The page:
In my opinion, the biggest task we had was to write our business plan. Learning how to write a business plan was difficult and a little stressful. Even though we had an example of a business plan, it was still hard to write all the content that was needed. It was a long process filled with deadlines. However, when everyone submitted their business plan, everyone was relieved and our work was finally completed.

In February, there was a CEO Roundtable, where six CEO’s came to talk to us about their real-life experiences. They each talked about their business and we got to ask them questions. This CEO Roundtable was not just an informational class, but a session where we learned lifelong lessons and made connections with powerful people in the DC area.

In my opinion, the biggest event of the YEA! program is the Investor Panel in March. This event is where we pitch our ideas to a group of investors – basically a junior version of the show Shark Tank. Most importantly, this is the event where we receive our initial investment. The great thing is that everyone receives money, but the amount of money you receive depends on your business idea and presentation. In class, Charlie told us multiple times to make our presentations interesting, meaning, not only made up of paragraphs and words, but also including pictures and short bullets, so people wouldn’t get bored. I made sure that my presentation was intriguing and made people interested in my business. I practiced my presentation multiple times each day and finally on March 31, we presented to the investors. I ended up receiving the amount of money I asked for, which was $802. At the end of the panel, I felt that all my hard work had finally paid off.

Fast forward to now, where I am currently writing about my experience at YEA!. Through my involvement in the program, I, along with the other participants, learned the same content that actual business students learn, but in half the time. I think that YEA! is an amazing opportunity that teaches you not only how to start a business, but the important skills that you’ll need later in life, such as public speaking and building connections. Even if a YEA! student’s business does not succeed, they will be able to move forward with the valuable knowledge they acquired through this program, which will be key in helping them start and develop businesses in the future. Throughout my life, I have been enrolled in many after-school programs, but by far YEA! is the most useful and rewarding program that I’ve ever attended. All middle and high school students should take advantage of this incredible opportunity and get involved with YEA!.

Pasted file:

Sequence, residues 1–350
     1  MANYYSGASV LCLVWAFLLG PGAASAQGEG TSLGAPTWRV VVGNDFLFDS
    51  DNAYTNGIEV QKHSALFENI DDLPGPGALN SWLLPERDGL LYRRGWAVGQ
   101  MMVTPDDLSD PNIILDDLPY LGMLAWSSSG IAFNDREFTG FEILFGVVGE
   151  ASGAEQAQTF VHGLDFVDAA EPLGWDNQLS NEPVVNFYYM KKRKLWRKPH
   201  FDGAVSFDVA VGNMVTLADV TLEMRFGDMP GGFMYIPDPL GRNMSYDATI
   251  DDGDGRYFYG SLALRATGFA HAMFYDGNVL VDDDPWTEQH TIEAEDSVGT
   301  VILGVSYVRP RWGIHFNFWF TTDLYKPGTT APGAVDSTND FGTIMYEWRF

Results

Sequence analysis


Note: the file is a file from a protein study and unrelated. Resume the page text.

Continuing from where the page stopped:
For more information about getting involved in the Young Entrepreneurs Academy please contact Membership Engagement Manager Alex Held at aheld@arlingtonchamber.org or (703) 525-2400.  

New Technology Makes for More Shorter Airport Waiting Time

by Admin 3. August 2016 05:18

By Christopher Paolino, Metropolitan Washington Airports Authority (MWAA)

New, innovative technology is decreasing wait times at Washington Dulles International Airport. With the addition of the Mobile Passport App, eligible passengers are able to use the app to securely save profiles on their smartphones, submit them electronically to Customs and Border Protection, and continue through dedicated lanes after arriving to Dulles. Canadian passport holders with a B1 or B2 visa status and U.S. passport holders are also authorized to use the app.

Dulles is the most recent airport to accept the app, which was developed as an alternative to filling out paper forms and waiting in a general queue to speak to a CBP official. Travelers are encouraged to download the app and enter their passport information before departing. Upon arrival, passengers must open the app again and answer a few questions about the trip, then submit the responses electronically once an internet signal is established on the ground. Passengers at Dulles should follow “Mobile Passport Control” signs to a dedicated lane where a CBP-generated code will be scanned from the phone. That code will need to be shown one last time after baggage claim to exit the CBP facility. It is important to remember that everyone must still travel with their passport in addition to using the app.

With the addition of Mobile Passport, there are now three ways travelers can use technology to ease their processing through Customs at Dulles International:

·         Global Entry – Requires an enrollment fee with an application submitted to CBP. Approved members can scan their passport and fingerprint at dedicated kiosks for expedited Customs processing. For U.S. citizens, permanent residents and citizens of a few foreign nations (see website). Global Entry members are also eligible to participate in TSA Pre-check for no additional fee.

·         Mobile Passport – No fee/download free app in advance of travel. Users of the app can proceed to a dedicated lane for expedited Customs processing after answering basic questions via the app. For U.S. citizens and Canadian citizens traveling with B1 or B2 visa status.